Monday, July 16, 2012

Hands On, Their Level

I've been busy transforming the spaces where we've had Primary Level Montessori materials (for ages 2 1/2 to 6) into areas with only Atrium materials (those used to introduce the child to the Church according to the method of the Catechesis of the Good Shepherd).  Much of my work has been done at night, when Alleluia is asleep.  So when she woke up the other day this long hallway looked different.  She was immediately drawn to a simple sorting work, which consists of a tray with three types of beans and seeds in a large saucer and three small, empty saucers.  She was engrossed for quite a while, so much so that we never bothered getting dressed until after breakfast!

It reminded me of how important it is that work put out for the children be attractive and at their level.  As I re-work my space, I will try to remember to check that everything from artwork to art supplies is low enough for the tiny toddlers.

Also, when we care for toddlers we are reluctant to leave out small pieces on which they can choke.  But can you find a way to allow the children to play with "off limits" items on a regular basis?  Maybe it's just once per day, or once per week, or even just twice per month!  But toddlers go through a sensitive period for tiny things--they need to touch and feel and manipulate objects that are small.  Part of providing a prepared environment is anticipating the needs of the child.

Each one of us may have a different solution to providing for this need.  You may have a box of small items in a locked closet, or on top of the refrigerator (if the child cannot reach it!).  That way there is the added bonus that this work, done by your side or under your watchful eye, is seen as special time.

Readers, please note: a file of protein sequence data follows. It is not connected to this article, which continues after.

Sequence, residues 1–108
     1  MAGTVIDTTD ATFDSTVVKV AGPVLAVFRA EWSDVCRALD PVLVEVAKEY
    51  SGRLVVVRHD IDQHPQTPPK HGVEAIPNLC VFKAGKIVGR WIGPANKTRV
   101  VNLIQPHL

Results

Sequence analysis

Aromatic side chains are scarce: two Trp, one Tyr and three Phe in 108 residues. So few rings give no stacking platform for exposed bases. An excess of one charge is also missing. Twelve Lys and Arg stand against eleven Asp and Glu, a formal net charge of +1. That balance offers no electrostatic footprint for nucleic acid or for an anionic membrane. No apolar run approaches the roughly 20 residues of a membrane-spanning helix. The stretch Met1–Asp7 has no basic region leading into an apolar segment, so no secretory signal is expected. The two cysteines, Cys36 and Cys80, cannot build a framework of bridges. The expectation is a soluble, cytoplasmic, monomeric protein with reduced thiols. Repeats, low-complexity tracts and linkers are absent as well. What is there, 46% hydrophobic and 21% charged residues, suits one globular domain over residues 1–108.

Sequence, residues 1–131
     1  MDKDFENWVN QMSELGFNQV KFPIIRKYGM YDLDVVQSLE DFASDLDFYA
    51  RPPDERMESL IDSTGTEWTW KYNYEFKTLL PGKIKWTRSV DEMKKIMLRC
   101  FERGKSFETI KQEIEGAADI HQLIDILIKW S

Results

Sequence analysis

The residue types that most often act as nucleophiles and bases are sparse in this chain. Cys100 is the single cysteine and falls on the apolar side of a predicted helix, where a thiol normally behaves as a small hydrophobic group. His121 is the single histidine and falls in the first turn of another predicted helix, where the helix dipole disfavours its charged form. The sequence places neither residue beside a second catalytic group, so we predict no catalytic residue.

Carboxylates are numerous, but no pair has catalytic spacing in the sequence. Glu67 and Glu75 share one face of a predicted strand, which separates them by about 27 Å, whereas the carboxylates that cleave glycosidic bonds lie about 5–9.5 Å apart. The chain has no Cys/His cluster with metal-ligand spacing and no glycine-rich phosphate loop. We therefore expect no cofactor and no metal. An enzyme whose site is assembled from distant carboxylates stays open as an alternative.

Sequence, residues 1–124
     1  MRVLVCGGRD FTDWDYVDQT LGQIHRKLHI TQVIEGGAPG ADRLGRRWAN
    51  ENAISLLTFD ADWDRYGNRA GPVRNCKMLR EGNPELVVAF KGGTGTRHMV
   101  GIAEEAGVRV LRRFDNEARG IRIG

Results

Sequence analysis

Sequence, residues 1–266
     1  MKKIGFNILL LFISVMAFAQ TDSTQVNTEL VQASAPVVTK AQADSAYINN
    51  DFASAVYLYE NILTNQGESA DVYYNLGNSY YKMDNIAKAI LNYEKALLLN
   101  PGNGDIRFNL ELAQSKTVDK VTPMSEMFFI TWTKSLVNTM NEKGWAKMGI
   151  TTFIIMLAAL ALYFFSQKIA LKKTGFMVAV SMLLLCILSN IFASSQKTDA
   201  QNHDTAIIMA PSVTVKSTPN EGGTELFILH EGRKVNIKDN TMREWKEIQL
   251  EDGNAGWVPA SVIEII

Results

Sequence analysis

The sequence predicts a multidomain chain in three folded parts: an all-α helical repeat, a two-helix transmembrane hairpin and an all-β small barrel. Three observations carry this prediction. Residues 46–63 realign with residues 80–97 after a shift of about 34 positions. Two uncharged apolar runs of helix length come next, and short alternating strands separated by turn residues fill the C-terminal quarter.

This goes for all sorts of things I've heard parents ban from their houses, from sandboxes to toys with small parts, to Legos and Barbies ("those darned shoes!"), to Lincoln Logs and Play-Doh, to safety scissors.  Can you find a way--no matter how limited--to incorporate the toddler's need for small objects and various sensory experiences into the rhythm of your life?

Toys like this come in flat boxes that make them ideal for storing safely out of reach when not in use.  Always supervise small children when small parts are around.

Even the older siblings enjoy working with little pieces.


  1. Wonderful ideas, Sarah! It's a real dilemma for parents to know how to meet a toddler's sensitive period for small objects while preventing choking dangers. Thanks so much for linking up with Montessori Monday. I featured your post at the Living Montessori Now Facebook page and pinned it to my Toddlers - Activities and Ideas Pinterest Board at

  2. I chose this post as one of my 'Montessori top 12 in 2012'. I used a Pinterest pin of your graphic so please let me know if this is not OK. You can see the post here

    This is a blog hop if you want to join us!